HomeLatest ThreadsGreatest ThreadsForums & GroupsMy SubscriptionsMy Posts
DU Home » Latest Threads » n2doc » Journal
Page: « Prev 1 ... 5 6 7 8 9 10 11 12 13 14 15 ... 1484 Next »


Profile Information

Gender: Do not display
Home country: USA
Current location: Georgia
Member since: Tue Feb 10, 2004, 01:08 PM
Number of posts: 43,185

About Me

Environmental Scientist

Journal Archives

Press Release: New study reveals where MH370 debris more likely to be found

Figure 1: MH370 debris location and most likely origin compared to current underwater search area (Credit: Jansen et al., Nat. Hazards Earth Syst. Sci (2016))

A team of researchers in Italy has used the location of confirmed debris from MH370 to determine where the airliner might have crashed, and where further debris could be found. The study is published today (27 July) in Natural Hazards and Earth System Sciences, an open access journal of the European Geosciences Union (EGU).

“Our result is the first to calculate the movement of the debris that best agrees with all five of the currently confirmed discoveries. This should make it the most accurate prediction,” says Eric Jansen, a researcher at the Euro-Mediterranean Center on Climate Change in Italy and lead-author of the study.

In March 2014, Malaysia Airlines Flight MH370 vanished with 239 passengers and crew on board. Extensive search efforts in the southern Indian Ocean, where the aircraft is thought to have crashed, have yet to locate the main wreckage, though debris have washed up on the African east coast and Indian-ocean islands.

The northern half of the area where authorities are currently searching for the plane, off the coast of Australia, overlaps with the area the new simulation indicates as the most likely origin of the debris found so far. “However, our simulation shows that the debris could also have originated up to around 500 km further to the north,” says Jansen. “If nothing is found in the current search area, it may be worth extending the search in this direction.”


Transgender Identity Is Not a Mental Health Disorder, Study Finds

People who identify as transgender should not be considered to have a mental health disorder, according to a new study from Mexico.

The World Health Organization currently lists transgender identity as a mental health disorder, and the new study is the first in a series of research aimed at finding out whether this categorization is apt. The study will be repeated in Brazil, France, India, Lebanon and South Africa, according to the researchers.

In the new study, published today (July 26) in the journal The Lancet Psychiatry, the researchers investigated whether the distress and dysfunction associated with transgender identity were the result of social rejection and stigmatization or an inherent part of being transgender.

Experiencing "distress and dysfunction" is often considered a defining feature of having a mental health disorder, according to the study. But other factors can cause these feelings as well, including experiencing rejection or stigmatization.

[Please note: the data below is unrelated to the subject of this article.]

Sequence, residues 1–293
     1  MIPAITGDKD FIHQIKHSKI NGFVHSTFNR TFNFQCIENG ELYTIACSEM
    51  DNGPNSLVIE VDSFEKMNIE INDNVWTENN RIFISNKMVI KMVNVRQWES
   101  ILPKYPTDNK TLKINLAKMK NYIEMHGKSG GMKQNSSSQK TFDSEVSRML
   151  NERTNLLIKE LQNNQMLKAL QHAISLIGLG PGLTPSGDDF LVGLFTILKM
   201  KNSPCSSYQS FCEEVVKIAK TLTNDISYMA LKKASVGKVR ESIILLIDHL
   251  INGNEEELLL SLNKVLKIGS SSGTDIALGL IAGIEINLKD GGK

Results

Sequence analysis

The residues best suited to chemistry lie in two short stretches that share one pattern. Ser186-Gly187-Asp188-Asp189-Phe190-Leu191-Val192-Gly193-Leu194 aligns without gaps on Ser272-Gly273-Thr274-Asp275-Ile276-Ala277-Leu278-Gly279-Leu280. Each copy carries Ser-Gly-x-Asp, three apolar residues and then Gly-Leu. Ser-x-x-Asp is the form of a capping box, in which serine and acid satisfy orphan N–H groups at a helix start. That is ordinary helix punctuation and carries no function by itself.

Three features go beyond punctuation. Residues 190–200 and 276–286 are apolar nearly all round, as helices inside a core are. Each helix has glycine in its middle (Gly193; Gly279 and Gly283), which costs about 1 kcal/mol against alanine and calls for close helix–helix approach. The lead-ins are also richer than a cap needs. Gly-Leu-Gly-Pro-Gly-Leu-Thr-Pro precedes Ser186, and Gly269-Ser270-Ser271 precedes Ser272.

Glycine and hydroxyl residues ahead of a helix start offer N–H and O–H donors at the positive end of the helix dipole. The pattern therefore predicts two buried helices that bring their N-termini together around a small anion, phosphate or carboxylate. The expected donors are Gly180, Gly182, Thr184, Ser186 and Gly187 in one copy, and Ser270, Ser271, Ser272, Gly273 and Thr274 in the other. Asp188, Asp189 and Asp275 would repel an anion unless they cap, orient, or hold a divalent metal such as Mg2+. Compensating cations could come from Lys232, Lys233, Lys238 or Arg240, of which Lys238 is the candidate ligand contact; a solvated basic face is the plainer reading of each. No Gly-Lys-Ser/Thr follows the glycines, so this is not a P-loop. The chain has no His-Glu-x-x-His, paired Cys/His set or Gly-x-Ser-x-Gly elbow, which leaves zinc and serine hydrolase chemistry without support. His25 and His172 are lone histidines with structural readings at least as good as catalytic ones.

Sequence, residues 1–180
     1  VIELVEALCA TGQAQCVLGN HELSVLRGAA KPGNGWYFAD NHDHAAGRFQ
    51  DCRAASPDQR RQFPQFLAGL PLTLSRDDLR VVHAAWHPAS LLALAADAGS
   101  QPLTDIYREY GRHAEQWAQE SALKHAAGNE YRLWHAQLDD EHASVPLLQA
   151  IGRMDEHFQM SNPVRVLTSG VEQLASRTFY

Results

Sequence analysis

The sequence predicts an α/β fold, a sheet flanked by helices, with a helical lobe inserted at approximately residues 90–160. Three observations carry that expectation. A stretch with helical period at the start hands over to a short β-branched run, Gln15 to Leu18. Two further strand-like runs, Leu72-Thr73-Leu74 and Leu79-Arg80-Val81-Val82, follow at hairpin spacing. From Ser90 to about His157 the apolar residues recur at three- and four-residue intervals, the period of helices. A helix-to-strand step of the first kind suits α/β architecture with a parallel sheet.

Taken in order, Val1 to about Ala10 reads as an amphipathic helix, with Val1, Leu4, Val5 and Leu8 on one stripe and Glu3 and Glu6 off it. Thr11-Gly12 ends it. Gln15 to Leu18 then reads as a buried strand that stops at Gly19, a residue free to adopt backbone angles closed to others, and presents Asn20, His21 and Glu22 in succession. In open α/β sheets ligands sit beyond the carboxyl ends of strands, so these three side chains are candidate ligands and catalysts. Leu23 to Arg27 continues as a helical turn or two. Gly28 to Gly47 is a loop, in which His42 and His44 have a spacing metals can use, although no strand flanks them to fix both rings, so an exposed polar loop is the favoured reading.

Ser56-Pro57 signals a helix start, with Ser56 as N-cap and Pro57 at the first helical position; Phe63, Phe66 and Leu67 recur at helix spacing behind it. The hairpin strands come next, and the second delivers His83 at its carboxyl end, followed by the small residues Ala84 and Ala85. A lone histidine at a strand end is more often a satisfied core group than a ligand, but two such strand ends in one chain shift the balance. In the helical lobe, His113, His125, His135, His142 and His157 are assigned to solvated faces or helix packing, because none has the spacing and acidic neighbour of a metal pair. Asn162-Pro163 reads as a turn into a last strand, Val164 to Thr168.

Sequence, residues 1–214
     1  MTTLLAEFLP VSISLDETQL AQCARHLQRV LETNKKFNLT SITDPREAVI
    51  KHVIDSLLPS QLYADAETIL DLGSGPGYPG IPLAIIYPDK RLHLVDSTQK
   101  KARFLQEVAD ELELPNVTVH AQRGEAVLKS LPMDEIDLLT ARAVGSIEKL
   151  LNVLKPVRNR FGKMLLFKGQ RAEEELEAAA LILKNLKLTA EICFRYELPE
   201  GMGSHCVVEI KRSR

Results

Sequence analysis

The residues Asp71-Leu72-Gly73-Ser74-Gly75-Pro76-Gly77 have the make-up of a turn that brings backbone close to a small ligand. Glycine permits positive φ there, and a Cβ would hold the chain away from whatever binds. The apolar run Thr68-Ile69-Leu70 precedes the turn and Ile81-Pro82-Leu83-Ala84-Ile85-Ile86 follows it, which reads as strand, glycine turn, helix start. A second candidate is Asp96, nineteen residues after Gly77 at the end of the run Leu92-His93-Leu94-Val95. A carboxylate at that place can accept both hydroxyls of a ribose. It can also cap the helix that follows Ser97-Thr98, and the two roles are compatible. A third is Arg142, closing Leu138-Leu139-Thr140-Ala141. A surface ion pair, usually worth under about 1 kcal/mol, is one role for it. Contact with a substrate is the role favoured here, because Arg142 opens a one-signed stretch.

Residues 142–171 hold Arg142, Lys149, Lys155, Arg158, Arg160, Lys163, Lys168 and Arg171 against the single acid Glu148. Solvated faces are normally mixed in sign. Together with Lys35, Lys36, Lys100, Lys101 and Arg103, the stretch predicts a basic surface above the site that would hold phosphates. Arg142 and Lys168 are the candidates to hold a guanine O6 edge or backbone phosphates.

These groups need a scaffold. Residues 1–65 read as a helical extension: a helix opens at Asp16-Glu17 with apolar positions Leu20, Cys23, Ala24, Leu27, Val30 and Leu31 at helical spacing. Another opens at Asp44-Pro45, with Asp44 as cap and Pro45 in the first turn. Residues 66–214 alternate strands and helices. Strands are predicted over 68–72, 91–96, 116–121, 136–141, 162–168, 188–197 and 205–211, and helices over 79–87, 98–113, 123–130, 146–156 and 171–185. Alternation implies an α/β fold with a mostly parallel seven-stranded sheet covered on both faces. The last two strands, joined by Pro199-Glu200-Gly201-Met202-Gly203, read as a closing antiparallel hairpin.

Of Course it isn't.

Wednesday Toon Roundup 2- The Rest

Pooty-poots BFF



Wednesday Toon Roundup 1- Outta There!

Tuesday Toon Roundup





Slowpoke Toon on Trump

Monday Toon Roundup 2- The Rest




Monday Toon Roundup 1- Republican Reverberations

Cheap and clean: Australian company creates hydrogen with near-zero emissions

n Australian company is using “cheap as dirt” iron ore to convert methane in natural gas into hydrogen. Importantly, their process generates near-zero emissions, as the carbon content of the gas is captured in the form of high-quality graphite.

As a clean-burning fuel, hydrogen could play a key role in future energy markets, but production methods are still too energy-intensive and costly.

Hazer Group is a Perth-based company, spun out of the University of Western Australia, which plans to halve the cost of hydrogen production. It is currently scaling-up its patented process, based on “methane cracking”.

“The chemistry is remarkably simple,” says Geoff Pocock, the managing director of the ASX-listed company, which raised A$5m at its initial public offering in September 2015. “You can think of it as a self-sequestering energy production system.”

As natural gas passes through the heated iron ore catalyst, methane in the gas breaks down into its constituent elements: hydrogen and carbon. But instead of carbon dioxide, would-be emissions are captured in the form of solid graphite.


The Media Village at the Rio Olympics Is Built on a Mass Grave of Slaves

By Erin Blakemore
JULY 22, 2016

When journalists show up en masse in Rio de Janeiro to cover the Summer Olympics next month, many will stay in the Barra Media Villages, a self-described group of “over 1,500 spacious and modern apartments” complete with kitchens, 24/7 food access, along with a huge pool. But, write Daniel Gross and Jonathan Watts for The Guardian, that luxury comes at a price: Part of the village was constructed on top of a mass grave for slaves.

Gross and Watts report that part of a Brazilian quilombo, a community of people whose ancestors were runaway slaves, was torn down to make the village. Residents say that developers did away with “sacred” archaeological remnants of African slaves by building over them. In contention is a colonial-era sugar mill that Camorim Quilombo residents claim was razed without an archaeological survey—and, given that a huge mass grave of slaves was found nearby 16 years ago, they claim that the village is built over the graves of their ancestors.

Read more: http://www.smithsonianmag.com/smart-news/media-village-rio-olympics-built-mass-grave-slaves-180959873/
Go to Page: « Prev 1 ... 5 6 7 8 9 10 11 12 13 14 15 ... 1484 Next »